Affirmative Consent Has Become Law In NSW Parliament - Women's Health

Affirmative Consent Has Become Law In NSW Parliament

The new reform is set to establish clearer boundaries for consensual sex, reinforcing the notion that consent is not to be presumed.

In a landmark moment for NSW, affirmative sexual consent laws have been passed in parliament, marking a significant milestone for survivors and advocates who have fought to overhaul the state’s consent laws. The new affirmative consent model adopted by the NSW parliament now means that if anyone wants to engage in sexual activity with someone, they will need to do or say something to establish the other person has consented. Ultimately, it serves to reinforce the notion that consent is no longer something to be presumed. 

For victims and survivors of sexual assault, the new reforms are to be celebrated. As NSW Attorney-General Mark Speakman explained, the reforms might be “common sense”, but they also serve a serious purpose in simplifying consent laws to ensure more effective prosecutions of sexual offences. “No law can ever erase the trauma of sexual assault, but we have listened to calls for change and consulted victim-survivors and legal experts to improve our response to sexual violence,” said Speakman. 

Under the new laws, Speakman also emphasised that actively seeking out consent for sexual activity is “not onerous.” “It does not make consensual sex illegal. It does not stop consensual sex. It does not require a written agreement or script, or stifle spontaneity. It’s a matter of common sense and respect,” Speakman added. Consent before sex doesn’t mean both parties need to sign a consent form, but it does mean an ‘enthusiastic yes’ needs to be expressed, through words or gestures.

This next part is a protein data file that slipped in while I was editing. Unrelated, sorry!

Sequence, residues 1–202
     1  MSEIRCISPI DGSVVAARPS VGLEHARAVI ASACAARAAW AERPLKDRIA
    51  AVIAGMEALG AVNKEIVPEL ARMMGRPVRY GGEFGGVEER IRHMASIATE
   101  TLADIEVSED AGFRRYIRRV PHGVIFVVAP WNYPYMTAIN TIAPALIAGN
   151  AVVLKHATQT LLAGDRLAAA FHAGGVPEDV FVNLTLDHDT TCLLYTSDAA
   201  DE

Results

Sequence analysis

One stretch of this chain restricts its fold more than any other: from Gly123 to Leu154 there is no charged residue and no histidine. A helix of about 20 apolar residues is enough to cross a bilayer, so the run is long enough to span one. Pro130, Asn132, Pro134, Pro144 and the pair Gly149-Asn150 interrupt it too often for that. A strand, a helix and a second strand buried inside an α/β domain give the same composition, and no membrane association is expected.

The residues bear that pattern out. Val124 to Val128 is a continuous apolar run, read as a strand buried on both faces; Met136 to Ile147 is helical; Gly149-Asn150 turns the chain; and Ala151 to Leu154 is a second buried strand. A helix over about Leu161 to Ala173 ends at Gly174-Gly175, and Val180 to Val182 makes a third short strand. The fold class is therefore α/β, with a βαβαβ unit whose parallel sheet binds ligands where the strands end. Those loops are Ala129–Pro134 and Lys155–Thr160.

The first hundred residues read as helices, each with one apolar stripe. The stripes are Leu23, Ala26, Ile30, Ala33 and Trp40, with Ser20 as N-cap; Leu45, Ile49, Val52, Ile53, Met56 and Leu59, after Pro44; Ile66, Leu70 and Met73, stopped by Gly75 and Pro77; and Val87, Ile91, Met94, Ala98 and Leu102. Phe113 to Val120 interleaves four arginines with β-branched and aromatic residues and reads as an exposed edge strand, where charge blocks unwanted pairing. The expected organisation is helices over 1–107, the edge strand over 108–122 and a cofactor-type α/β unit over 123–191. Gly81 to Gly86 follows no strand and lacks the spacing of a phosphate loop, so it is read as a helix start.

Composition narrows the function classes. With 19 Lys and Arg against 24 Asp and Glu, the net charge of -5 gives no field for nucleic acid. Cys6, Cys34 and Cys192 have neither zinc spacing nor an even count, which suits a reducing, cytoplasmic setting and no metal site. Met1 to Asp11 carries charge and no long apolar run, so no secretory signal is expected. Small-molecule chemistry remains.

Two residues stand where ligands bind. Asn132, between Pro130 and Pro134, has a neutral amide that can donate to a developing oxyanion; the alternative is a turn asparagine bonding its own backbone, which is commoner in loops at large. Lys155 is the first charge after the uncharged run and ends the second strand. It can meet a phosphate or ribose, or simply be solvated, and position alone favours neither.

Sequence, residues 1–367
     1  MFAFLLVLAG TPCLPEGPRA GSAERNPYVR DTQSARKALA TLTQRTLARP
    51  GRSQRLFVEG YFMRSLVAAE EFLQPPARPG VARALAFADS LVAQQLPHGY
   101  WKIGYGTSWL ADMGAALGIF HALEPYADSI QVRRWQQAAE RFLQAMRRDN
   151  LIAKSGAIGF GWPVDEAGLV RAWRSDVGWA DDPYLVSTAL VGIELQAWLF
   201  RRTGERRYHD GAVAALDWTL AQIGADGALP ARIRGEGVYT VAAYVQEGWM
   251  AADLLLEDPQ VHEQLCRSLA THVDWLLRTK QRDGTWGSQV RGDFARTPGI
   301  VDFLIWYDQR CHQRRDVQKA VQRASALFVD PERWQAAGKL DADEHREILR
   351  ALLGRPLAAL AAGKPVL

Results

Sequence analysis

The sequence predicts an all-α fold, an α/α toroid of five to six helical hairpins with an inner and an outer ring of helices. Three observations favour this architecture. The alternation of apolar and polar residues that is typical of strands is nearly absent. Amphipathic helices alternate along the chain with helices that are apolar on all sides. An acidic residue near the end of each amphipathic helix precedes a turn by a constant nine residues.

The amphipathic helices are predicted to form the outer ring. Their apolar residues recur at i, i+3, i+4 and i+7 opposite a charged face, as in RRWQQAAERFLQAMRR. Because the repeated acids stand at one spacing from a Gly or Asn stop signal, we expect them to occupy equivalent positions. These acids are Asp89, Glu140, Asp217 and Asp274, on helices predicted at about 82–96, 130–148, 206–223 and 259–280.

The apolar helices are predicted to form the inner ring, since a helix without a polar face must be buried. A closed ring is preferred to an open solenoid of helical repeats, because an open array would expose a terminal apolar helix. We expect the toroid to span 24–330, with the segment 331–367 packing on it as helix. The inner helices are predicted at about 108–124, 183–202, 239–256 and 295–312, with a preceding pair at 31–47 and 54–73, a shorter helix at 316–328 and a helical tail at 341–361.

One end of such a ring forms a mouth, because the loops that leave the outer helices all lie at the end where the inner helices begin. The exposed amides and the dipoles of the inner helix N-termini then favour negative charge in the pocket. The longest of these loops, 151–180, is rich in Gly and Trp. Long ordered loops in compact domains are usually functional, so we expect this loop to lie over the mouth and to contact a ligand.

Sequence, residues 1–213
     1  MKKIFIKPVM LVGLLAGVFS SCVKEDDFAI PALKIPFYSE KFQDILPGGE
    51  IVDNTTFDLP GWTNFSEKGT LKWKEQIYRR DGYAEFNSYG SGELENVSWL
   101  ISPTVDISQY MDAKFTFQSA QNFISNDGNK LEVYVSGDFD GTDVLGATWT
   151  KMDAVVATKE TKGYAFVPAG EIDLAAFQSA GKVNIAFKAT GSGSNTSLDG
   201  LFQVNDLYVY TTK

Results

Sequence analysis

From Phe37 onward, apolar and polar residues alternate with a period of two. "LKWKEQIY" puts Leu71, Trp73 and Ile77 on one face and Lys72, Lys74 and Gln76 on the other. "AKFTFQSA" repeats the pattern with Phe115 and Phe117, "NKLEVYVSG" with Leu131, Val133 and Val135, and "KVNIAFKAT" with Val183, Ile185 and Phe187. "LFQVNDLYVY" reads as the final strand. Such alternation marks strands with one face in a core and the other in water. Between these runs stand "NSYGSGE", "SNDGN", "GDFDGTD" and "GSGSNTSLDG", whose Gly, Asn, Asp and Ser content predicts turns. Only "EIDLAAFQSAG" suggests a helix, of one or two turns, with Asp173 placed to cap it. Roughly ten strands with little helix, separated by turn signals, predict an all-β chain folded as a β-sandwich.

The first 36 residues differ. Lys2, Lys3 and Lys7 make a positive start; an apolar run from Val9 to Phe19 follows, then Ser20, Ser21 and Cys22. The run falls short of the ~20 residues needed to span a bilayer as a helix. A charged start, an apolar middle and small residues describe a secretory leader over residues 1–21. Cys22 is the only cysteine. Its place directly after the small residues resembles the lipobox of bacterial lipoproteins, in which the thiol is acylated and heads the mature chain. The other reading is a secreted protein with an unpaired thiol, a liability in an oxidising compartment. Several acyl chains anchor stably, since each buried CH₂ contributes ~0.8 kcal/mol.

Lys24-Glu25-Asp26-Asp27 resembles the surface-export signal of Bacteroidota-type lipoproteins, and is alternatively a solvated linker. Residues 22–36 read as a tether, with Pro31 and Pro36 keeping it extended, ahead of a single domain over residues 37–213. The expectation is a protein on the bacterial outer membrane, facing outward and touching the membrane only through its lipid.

That we have these new reforms is testament to the tireless work of countless women (and men) who came forward with their own stories, and campaigned to see such laws enforced. Saxon Mullins came forward with her story in a recent Four Corners Investigation, which focused on Sydney man Luke Lazarus who was found not guilty of sexual assault on appeal, despite a jury and two judges finding that the then-18-year-old Mullins had not consented to sex with him. Having endured two trials and two appeals with no final resolution, Mullins demonstrated bravery and a strong sense of self, even despite her vulnerability. As Speakman said in an interview with the ABC, “This young woman’s bravery in coming forward and sharing her story is commendable.”

With the new reforms, there will be a change to the way sexual assault cases are prosecuted, with defendants having to show they took active steps to obtain consent. As Speakman described, it “reinforces the basic principle of common decency that consent is a free choice involving mutual and ongoing communication and reinforces that consent should not be presumed.”

Greens MP Jenny Leong took to social media to celebrate the news, calling it “huge” and “important” reform. “YES! A bill to introduce an affirmative model of consent has just cleared the final hurdle and passed through the NSW Parliament. That’s it! We did it! This is huge, important, vital reform and will help to deliver justice for survivors of sexual assault,” she wrote. 

“Thank you to every single one of you who took to the streets to say enough is enough, who wrote letters and emails, who talked to your family and friends about why this reform is so important – this is for you. To all the survivors, activists, feminists and experts who put everything they had into making this happen – this is for you. To Saxon Mullins who gave up her anonymity to share her story and put NSW on notice, who brought others along with her with such strength and care – this is for you.”

If you or someone you know is impacted by sexual assault, call 1800RESPECT on 1800 737 732. 

By Jessica Campbell

Jess is a storyteller committed to sharing the human stories that lie at the heart of sport.

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